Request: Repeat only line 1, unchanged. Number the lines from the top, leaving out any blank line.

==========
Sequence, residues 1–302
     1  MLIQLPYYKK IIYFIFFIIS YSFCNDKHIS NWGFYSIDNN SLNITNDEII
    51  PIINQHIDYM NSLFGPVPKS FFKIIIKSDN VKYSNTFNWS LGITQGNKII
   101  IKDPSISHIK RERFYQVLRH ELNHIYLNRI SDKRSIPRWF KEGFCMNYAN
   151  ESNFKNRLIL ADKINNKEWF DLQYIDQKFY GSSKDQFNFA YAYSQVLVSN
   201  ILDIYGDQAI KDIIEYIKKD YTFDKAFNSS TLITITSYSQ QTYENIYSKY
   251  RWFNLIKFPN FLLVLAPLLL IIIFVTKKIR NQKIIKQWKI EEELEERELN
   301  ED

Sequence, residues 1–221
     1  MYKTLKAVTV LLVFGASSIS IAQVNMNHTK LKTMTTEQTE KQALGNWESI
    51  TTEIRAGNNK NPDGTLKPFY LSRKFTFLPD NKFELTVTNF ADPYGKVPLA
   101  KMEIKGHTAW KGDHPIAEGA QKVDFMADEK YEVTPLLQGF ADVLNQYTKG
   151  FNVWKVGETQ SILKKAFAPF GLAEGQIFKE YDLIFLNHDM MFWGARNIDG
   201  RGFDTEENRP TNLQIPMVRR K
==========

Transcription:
Sequence, residues 1–302